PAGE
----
Joanne Gilbert talks of the benefits of marginality for comics ‘as a license for social criticism’ (18) and there’s no doubt that the show delights in exploiting the freedom of Tim’s position, with multiple potentially offensive scenarios and jokes. Tim’s decision to identify as able-bodied for example, which provokes an ardent apology from Bobby, and a commitment to ‘re-educating’ herself. Tim’s nemesis, Kiefer (played by Lee Ridley, aka Lost Voice Guy, whose cerebral palsy requires him to speak through a computer) and his decision to identify as Jamaican, despite being white. Ridley’s use of the computer is both a comic tool and a way of mediating offense: “Tttttt” the computer intones. “I’m sucking my teeth” Kiefer explains. Tim’s time at Anarchy Hamster, a novelty cards outfit, amounts to one long showcase of offence as he experiments with the license he’s been given as ‘a token hire’: opening people’s pay slips and revealing that a male colleague earns more than his female counterpart for instance: “I think it’s because he’s a man – although it could be because she’s shit”. When he does finally get sacked, it’s due to a joke about breastfeeding at the expense of one of the senior staff, a ‘new mum’ who bores the rest of the company to tears with her myopic obsession with card designs for – ‘new mums’.
Schwanebeck’s somewhat paradoxical description of ‘the uncertain regimes of political correctness’ is apt: because, while it is a system and it does have an authoritarian quality, that authority is uncertain. There are various reasons for this: the ‘slippage between ‘identity politics’ and niche markets’ (the ‘pink pound’, the ‘grey dollar’) described by Marie Moran, as well as ‘the emergence of a strangely libertarian version of identity politics which focuses on the individual rights held by the self-conscious bearers of certain ‘identities’ over any sense of group solidarity and power’ (Moran 39). The idea that ‘identity operates primarily to facilitate consumption’ (40) is perhaps slyly gestured to in Jerk by the novelty cards storyline and Anarchy Hamster’s ‘new mums’ range, a theme which also suggests the risks of myopia in the celebration of specific identity positions, a potentially competitive and insular approach. Sarah Garnham argues that while ‘becoming more personally invested in identity can be a positive’ in raising ‘political consciousness’, ‘insofar as it allows people to go on an inner journey of self-discovery, or as a means to advance individual careers, it has no role to play in the fight against oppression’. And it’s precisely this kind of self-interest and ambition that Jerk delights in satirising.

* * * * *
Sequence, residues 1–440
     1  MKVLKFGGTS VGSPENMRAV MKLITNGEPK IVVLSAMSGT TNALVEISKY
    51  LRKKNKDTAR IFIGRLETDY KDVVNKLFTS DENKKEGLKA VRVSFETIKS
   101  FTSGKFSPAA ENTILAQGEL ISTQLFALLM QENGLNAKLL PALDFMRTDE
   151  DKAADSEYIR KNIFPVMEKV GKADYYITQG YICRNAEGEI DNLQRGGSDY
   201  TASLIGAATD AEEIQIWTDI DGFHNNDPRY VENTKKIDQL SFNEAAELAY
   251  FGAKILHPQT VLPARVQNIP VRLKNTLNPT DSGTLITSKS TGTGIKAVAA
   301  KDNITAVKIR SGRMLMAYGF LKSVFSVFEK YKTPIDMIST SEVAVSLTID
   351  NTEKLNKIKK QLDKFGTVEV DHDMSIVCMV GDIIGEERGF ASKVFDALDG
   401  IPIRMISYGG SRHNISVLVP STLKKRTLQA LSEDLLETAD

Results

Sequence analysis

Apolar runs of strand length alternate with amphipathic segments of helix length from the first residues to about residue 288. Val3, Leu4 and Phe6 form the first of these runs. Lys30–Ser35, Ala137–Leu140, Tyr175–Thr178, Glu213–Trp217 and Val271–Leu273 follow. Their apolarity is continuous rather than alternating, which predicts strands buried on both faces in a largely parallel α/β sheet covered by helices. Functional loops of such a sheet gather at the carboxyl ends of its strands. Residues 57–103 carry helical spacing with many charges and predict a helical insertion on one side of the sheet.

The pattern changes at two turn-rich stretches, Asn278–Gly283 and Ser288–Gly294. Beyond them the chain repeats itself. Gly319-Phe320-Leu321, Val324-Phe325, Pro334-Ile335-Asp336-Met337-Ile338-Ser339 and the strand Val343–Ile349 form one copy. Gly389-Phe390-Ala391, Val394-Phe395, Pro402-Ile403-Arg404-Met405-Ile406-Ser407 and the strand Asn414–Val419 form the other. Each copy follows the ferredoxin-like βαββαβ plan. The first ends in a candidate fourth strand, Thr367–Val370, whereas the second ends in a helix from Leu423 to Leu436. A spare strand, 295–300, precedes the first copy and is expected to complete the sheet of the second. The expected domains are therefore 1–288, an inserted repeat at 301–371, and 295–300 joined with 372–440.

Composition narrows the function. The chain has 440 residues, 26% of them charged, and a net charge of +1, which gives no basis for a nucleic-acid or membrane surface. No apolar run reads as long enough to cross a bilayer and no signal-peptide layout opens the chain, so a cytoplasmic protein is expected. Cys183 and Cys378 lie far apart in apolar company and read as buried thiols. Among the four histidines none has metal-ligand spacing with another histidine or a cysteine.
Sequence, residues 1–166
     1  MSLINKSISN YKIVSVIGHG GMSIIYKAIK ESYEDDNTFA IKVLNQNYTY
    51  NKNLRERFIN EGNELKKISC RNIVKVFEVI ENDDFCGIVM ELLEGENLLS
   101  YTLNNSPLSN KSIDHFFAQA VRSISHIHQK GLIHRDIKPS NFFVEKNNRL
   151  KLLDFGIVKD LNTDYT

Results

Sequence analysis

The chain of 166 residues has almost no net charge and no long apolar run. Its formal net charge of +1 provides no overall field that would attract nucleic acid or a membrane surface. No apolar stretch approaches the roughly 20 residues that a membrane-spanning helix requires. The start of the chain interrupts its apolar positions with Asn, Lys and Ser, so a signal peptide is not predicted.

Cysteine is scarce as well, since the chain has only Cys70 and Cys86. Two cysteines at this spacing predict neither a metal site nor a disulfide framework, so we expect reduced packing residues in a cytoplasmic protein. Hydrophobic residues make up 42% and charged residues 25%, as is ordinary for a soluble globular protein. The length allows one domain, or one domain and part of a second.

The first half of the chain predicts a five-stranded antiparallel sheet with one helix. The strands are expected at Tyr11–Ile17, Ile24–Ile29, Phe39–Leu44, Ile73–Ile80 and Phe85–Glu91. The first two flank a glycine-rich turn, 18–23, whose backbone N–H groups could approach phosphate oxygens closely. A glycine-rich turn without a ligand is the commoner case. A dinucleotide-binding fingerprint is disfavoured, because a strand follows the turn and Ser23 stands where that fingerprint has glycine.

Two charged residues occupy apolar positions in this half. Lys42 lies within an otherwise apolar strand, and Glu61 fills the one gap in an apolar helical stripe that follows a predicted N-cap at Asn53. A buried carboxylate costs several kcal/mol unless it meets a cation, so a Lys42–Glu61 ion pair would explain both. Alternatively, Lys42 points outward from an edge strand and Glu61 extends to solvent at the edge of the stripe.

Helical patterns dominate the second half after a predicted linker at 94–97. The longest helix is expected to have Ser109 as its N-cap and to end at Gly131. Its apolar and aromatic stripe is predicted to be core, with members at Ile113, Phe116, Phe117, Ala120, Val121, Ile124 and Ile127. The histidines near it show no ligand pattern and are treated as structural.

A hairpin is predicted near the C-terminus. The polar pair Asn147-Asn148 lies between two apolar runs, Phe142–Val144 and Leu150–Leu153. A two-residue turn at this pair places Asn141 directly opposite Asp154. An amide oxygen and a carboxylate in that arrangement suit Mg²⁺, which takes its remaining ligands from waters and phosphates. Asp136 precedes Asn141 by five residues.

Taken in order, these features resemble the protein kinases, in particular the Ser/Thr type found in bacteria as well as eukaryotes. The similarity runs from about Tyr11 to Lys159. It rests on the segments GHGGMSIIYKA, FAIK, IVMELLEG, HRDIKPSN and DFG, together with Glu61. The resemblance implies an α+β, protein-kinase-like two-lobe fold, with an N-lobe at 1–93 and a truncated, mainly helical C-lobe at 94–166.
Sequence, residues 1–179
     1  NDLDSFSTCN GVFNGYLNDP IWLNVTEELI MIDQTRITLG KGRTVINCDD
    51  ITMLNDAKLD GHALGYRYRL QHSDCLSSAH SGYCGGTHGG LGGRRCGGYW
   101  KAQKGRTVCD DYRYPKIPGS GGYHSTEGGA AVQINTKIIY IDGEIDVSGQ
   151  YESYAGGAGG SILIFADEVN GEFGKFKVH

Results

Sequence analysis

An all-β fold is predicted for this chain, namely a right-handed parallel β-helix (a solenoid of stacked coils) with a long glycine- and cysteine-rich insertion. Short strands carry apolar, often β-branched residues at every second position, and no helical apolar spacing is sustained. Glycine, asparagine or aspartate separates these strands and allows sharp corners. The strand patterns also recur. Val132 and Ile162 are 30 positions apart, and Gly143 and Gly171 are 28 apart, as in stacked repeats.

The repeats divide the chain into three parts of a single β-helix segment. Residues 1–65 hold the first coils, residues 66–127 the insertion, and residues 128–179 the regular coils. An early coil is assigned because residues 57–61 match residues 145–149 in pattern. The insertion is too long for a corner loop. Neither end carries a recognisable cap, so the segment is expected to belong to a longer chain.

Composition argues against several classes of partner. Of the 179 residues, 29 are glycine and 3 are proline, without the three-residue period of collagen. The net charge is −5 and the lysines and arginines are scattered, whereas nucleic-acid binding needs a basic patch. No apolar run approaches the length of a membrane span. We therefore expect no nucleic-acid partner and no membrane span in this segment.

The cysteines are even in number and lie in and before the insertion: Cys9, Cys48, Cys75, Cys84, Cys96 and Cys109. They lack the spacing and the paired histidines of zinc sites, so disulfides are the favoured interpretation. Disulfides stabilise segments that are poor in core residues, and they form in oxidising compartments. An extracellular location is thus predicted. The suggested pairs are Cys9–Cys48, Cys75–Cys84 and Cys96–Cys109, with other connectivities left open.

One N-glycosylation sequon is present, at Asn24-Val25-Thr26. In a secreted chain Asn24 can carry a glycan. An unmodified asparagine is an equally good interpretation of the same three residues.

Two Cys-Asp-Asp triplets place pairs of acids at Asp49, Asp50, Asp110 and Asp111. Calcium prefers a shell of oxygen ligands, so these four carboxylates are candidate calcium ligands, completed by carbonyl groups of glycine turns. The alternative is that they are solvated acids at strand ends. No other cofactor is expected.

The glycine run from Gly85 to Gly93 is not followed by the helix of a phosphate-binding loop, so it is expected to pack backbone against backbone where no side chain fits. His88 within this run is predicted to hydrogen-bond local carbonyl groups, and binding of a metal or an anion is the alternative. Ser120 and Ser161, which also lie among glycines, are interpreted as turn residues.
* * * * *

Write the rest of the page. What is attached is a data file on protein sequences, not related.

Garnham, Sarah, ‘The failure of identity politics: A Marxist analysis’, Marxist Left Review, No.22, Winter 2021, https://marxistleftreview.org/?issue-number=22
Gilbert, Joanne R. Performing Marginality, Humor, Gender and Cultural Critique. Detroit: Wayne State University Press, 2004.
Moran, Marie, ‘Identity and Identity Politics: A Cultural-Materialist History’, Historical Materialism 26.2 (2018) 21–45
Renkow, Tim, ‘Kathleen Marshall and Sutton Foster, Tim Renkow, Scarlett Johansson suing Disney’ Front Row, https://uk-podcasts.co.uk/podcast/front-row/kathleen-marshall-and-sutton-foster-tim-renkow-sca
Schwanebeck,Wieland, ‘Introduction to Painful Laughter: Media and Politics in the
Age of Cringe’, Humanities 10: 123. 2021. https://doi.org/10.3390/h10040123
Wegner, Gesine “Kill the Puppies!”: Cringe Comedy and Disability Humor in the Live Performances of Laurence Clark, Humanities 10: 105. 2021 https://
© Emma Sullivan 2022.